‘PEOPLE often say that beauty is in the eye of the beholder, and I say that the most liberating thing about beauty is realizing you are the beholder.”—Hollywood actress Salma Hayek
“A thing of beauty,” John Keats said, “is a joy forever.”
That’s why so many people wanted to be beautiful. But on second thought, beauty is in the eye of the beholder. So, how do you keep yourself beautiful?
“For beauty, get enough sleep,” declares American model Hilary Rhoda. “That’s the most important thing. I like to go to bed early, so I average about seven hours a night. For fitness, I work out every day. I think that’s also good for your balance and your mind.”
To Japanese model and actress Tao Okamoto, sleep is also necessary. “Sleep well,” she admits. “I’d love to sleep for eight or nine hours if I could, but in reality I get six or seven. I don’t work out, but I started tap-dancing recently. That’s something where I can enjoy it and it’s still working out at the same time. I do it maybe once a month.”
William Shakespeare wrote a long, long time ago: “Sleep that knits up the raveled sleeve of care, the death of each day’s life, sore labor’s bath; balm of hurt minds, great nature’s second course, chief nourishes in life’s feast.”
The editors of Super Life, Super Health wrote: “The secret of staying young could simply be a good night’s sleep. Sleep rejuvenates and revitalizes your body. Human growth hormone [HGH] is produced only during deep sleep. The amount of deep sleep you get, and the amount of growth hormone you make, decreases with age.”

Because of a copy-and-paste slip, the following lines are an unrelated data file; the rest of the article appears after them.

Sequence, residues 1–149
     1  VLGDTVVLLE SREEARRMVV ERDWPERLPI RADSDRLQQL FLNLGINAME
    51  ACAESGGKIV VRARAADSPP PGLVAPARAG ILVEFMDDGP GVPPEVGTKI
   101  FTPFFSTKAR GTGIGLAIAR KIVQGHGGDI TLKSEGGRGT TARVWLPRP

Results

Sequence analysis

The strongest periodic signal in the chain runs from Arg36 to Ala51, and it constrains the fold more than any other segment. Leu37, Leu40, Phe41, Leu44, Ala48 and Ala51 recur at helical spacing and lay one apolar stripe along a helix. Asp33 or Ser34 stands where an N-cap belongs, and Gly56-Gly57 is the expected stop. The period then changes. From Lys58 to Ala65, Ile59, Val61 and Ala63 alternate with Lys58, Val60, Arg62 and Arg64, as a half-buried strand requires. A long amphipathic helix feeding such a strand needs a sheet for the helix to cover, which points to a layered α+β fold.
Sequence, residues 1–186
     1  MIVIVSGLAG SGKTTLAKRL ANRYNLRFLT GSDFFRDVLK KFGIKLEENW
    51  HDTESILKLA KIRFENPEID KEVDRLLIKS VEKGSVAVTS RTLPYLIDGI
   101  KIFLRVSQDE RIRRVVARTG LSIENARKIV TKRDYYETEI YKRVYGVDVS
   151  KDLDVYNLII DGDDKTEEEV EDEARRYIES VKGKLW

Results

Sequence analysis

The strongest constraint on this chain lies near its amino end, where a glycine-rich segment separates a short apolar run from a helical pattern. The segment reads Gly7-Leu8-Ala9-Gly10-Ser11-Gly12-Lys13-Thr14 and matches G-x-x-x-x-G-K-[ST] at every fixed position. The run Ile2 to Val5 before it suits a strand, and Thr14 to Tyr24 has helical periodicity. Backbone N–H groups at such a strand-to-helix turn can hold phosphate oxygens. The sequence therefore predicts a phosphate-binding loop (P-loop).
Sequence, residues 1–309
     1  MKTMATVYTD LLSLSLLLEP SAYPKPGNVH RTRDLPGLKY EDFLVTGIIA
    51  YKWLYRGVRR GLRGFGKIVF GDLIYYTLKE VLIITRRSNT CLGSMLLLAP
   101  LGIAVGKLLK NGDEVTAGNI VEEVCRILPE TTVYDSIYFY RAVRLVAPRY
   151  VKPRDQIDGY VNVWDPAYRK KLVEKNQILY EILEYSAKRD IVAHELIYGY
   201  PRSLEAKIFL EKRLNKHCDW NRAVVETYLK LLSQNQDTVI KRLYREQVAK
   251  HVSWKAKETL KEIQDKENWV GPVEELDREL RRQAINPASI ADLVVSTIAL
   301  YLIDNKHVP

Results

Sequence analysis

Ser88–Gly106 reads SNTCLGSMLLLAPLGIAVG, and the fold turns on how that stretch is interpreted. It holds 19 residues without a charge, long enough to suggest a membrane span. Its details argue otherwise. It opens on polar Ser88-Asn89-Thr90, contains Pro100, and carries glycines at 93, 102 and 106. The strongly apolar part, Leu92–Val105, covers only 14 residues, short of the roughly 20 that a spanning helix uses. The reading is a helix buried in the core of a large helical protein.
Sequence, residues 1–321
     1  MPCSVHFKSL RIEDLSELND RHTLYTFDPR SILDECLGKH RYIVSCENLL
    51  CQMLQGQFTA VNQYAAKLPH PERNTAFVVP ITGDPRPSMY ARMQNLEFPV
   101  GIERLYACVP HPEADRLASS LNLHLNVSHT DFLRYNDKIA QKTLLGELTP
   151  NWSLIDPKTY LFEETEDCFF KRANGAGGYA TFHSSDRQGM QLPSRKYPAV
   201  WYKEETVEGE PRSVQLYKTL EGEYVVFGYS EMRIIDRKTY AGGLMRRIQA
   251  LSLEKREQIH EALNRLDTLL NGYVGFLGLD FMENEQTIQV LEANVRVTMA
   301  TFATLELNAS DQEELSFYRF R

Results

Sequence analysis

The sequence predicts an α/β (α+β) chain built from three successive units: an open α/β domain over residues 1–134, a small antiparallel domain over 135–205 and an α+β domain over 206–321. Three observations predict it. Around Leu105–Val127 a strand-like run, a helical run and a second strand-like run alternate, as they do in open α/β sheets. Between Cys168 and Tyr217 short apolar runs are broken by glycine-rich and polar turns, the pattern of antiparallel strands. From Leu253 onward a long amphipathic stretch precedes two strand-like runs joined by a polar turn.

But what happens when we sleep? Sleep is not merely a “time out” from our busy routines; it is essential for good health, mental and emotional functioning, and safety. For instance, researchers have found that people with chronic insomnia are more likely than others to develop several kinds of psychiatric problems, and are also likely to make greater use of health-care services. People suffering fromsleep apnea are likely to have higher blood pressure while they sleep and suffer from excessive daytime sleepiness.
So, how much sleep do we need? “The amount of sleep each person needs depends on many factors, including age,” the US National Sleep Foundation says. Infants generally require about 16 hours a day, while teenagers need about nine hours on average.
For most adults, seven to eight hours a night appears to be the best amount of sleep, although some people may need as few as five hours or as many as 10 hours of sleep each day. Women in the first three months of pregnancy often need several more hours of sleep than usual. The amount of sleep a person needs also increases if he or she has been deprived of sleep in previous days.
The two beautiful models also suggest taking a regular exercise. It’s not only for being beautiful but also for health’s sake. When you don’t exercise, you gain weight. Excess weight greatly increases the risk of cancer, diabetes and hypertension. A person who is 20 pounds over his/her ideal weight is 50 percent more likely to develop heart disease—and the risk increases as weight increases.